While your IBM DB2 on i database probably does not store production machine sensor data, product environmental condition information, or other larger volume data flows, those same data flows almost always need to be tied to the transaction, product, and customer data from IBM DB2 on i to create useful machine learning models, advanced analytic visualizations, and so on.
IBM DB2 on i data is critical to the success of many commercial analytics projects. I wish IBM would give a nod to that heritage in its current marketing.
Good quality data is never a bad thing. For fueling analytic processes, it is a must. In order to maximize return on the investment in machine learning and predictive analytics, companies need clean data as a foundation for analysis. (My use of “green” in the title refers to making money for those outside the US.)
Facing some real facts, no one is going to do machine learning on IBM i — not going to happen.
However, for many companies IBM i holds important data which is needed for creating meaningful processes based on machine learning. Getting that data to a machine learning environment seems like a no-brainer; just extract the data and send it over. In the real world, many data fields in databases on IBM i need a little massaging to use effectively in other applications.
Big picture problems include multi-member files. Those are almost impossible for non-IBM i based tools to deal with. I have seen companies where the analysts didn’t know about a file being multi-member, so when they wrote an SQL statement to retrieve the data, only data from the first member was pulled. As a result, they wasted precious time trying to figure out the problem before they were forced to throw in the towel and talk to the IBM i people. Another common challenge is dates stored in non-date fields, or worse yet, stored in multiple fields — with one field for the century and year, another for the month, and another for the day.There are a few other pointers I will elaborate on in the next few weeks.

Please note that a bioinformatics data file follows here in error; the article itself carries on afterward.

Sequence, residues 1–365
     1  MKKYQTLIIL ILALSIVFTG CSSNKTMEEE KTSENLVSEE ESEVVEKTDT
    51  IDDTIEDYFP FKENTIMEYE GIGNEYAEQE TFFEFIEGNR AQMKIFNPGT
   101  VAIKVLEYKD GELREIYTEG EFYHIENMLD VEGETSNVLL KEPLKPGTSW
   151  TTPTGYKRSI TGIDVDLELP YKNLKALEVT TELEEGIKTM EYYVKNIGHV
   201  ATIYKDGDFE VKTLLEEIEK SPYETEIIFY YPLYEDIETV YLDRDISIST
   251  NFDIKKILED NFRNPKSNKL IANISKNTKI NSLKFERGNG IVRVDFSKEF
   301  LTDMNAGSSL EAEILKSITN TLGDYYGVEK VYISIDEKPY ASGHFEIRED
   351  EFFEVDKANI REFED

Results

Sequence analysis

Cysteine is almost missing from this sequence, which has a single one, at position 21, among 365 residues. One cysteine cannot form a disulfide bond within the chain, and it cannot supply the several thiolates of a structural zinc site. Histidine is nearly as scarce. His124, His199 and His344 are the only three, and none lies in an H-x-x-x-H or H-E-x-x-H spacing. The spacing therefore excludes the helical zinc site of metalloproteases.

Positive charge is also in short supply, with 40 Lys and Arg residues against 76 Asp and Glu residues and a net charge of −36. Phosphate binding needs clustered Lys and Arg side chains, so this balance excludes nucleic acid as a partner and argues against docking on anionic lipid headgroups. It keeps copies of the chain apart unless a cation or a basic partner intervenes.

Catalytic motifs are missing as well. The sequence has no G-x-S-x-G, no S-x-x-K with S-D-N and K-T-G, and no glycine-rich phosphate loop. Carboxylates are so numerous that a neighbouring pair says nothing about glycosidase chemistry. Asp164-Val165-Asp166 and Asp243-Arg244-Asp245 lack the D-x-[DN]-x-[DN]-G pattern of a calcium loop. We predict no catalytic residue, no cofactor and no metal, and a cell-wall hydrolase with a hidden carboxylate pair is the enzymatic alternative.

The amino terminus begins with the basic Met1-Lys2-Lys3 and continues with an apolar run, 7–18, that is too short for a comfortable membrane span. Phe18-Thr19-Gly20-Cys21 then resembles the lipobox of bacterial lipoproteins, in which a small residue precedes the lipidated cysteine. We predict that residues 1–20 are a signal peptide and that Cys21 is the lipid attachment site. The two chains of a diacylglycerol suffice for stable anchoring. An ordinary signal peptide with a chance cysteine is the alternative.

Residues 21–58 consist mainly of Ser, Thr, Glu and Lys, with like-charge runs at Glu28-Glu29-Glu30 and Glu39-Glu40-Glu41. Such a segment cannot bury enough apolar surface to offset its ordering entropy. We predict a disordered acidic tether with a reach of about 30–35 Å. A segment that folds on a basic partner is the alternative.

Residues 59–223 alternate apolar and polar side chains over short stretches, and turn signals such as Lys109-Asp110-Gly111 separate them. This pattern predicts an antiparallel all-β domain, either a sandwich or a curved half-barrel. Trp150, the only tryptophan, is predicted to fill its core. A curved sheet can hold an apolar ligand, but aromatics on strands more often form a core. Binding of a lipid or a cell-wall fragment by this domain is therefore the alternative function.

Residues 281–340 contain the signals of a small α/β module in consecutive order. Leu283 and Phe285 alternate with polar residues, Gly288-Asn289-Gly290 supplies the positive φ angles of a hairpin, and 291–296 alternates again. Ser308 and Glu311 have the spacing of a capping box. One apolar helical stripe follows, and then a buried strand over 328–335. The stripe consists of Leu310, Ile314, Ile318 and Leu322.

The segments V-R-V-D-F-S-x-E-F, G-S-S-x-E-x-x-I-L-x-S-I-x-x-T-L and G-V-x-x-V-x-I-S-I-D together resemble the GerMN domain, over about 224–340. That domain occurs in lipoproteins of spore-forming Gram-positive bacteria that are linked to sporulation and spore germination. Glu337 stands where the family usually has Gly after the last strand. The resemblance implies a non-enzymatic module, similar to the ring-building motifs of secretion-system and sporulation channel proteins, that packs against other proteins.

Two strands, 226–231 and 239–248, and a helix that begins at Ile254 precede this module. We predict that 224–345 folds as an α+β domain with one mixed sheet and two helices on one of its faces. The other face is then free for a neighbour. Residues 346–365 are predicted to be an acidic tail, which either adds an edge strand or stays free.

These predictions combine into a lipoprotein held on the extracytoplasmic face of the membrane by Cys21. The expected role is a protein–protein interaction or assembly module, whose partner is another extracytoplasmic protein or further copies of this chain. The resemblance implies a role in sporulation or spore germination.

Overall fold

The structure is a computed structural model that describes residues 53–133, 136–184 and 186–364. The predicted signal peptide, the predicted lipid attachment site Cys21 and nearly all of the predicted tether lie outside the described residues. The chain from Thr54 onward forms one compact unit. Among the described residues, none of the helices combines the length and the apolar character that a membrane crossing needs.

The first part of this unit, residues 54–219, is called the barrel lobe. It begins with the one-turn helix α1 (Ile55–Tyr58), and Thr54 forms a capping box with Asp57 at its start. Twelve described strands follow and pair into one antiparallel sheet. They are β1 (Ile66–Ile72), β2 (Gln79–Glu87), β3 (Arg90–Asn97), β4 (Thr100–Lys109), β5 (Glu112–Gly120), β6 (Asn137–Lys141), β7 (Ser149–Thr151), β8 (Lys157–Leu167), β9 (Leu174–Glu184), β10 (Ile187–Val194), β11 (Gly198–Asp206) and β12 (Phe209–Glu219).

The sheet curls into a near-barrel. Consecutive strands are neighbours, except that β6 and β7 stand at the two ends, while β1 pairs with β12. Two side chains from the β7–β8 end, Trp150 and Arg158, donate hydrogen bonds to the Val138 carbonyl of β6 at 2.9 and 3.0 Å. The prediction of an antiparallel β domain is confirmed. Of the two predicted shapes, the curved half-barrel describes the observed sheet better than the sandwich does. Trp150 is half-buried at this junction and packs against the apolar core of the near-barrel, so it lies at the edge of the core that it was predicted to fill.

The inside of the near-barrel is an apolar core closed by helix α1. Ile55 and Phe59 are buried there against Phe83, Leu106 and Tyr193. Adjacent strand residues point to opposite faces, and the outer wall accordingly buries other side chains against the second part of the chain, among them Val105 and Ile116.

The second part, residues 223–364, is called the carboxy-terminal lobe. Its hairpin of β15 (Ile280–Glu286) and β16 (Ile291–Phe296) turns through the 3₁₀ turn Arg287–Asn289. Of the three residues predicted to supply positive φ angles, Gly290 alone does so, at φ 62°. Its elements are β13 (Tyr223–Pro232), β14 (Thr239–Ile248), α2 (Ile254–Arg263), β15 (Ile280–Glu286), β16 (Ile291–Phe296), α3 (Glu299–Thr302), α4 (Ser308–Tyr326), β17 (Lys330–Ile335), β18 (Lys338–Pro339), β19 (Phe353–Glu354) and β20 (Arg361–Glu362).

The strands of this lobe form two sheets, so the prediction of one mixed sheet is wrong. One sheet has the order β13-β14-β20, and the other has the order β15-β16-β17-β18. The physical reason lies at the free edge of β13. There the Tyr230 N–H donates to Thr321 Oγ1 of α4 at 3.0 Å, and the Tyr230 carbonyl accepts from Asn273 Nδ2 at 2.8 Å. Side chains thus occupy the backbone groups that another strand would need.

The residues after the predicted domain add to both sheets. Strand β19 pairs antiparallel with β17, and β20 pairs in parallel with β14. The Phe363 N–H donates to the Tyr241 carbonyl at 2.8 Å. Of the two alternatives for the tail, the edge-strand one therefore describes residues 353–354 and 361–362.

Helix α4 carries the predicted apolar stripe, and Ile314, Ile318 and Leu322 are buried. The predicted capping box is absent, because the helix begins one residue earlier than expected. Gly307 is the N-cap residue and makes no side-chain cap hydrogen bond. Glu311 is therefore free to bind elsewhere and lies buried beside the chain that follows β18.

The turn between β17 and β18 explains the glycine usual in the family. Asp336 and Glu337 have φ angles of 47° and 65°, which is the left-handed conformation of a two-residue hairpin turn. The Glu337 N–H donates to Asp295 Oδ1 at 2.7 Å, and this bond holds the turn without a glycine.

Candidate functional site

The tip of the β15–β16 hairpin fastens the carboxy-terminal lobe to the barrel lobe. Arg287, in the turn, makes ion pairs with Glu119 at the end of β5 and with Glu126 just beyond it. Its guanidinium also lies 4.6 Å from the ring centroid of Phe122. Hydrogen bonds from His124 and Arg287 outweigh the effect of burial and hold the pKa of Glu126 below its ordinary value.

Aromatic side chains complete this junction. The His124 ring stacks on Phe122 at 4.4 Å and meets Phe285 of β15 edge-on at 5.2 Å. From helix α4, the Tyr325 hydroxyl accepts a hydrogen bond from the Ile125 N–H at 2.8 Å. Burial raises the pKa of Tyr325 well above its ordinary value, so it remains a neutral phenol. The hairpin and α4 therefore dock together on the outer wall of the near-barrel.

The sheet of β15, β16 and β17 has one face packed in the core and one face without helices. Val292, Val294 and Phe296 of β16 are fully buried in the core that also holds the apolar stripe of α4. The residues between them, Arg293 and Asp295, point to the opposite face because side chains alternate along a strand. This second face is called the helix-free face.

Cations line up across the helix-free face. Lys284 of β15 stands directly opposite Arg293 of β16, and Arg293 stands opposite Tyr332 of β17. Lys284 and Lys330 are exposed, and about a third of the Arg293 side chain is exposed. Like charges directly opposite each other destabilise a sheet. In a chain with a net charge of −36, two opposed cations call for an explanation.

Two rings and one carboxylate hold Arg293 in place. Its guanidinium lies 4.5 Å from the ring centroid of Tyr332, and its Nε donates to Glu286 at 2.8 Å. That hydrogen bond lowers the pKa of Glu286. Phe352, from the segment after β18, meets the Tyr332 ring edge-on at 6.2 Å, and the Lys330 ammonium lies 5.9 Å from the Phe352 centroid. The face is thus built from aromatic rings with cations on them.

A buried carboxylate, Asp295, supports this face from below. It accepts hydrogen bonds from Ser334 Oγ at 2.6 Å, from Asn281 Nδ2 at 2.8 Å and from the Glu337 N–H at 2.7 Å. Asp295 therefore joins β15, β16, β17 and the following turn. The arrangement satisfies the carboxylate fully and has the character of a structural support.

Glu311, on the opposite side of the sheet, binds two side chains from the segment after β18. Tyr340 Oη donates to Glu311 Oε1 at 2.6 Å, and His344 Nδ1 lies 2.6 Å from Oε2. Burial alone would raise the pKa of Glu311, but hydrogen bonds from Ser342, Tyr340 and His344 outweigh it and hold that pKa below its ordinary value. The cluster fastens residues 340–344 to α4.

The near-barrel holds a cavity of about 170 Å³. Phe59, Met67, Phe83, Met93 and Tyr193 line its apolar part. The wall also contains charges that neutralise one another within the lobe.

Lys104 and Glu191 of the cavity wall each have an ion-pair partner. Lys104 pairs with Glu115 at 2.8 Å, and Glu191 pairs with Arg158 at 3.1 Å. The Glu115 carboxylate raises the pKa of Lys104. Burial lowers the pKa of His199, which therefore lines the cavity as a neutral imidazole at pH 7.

Descriptive Analytics on IBM i
While the term “descriptive analytics” is not brand new, it is unfamiliar to most people in the IBM i ecosystem. Despite all the hoopla surrounding advanced analytics and hot new technologies of analyzing data, old-fashioned reporting still dominates how companies interact with their IBM i databases. However, descriptive analytics is simply another way of saying query and reporting.
Traditional reporting methodologies are not sexy, but they are useful. That level of practicality is embraced by the vast majority of IBM i professionals. Relating to these people by using both new and old terms simutaneously is a quick way we have found to build trust. Being able to equate the new with old concepts is comforting to IBM i professionals who have seen the marketing spin change throughout their careers.
Supplying Watson with Data
You could not be blamed for being a little confused as to what Watson is - it is so multifaceted that narrowing on one area means you completely ignore other possible uses for it. IBM, trying its best, is messaging everything simultaneously.
Regarding our customers, a few are dabbling in some of the advanced analytic functions, but most are playing with Watson more than meaningfully using it.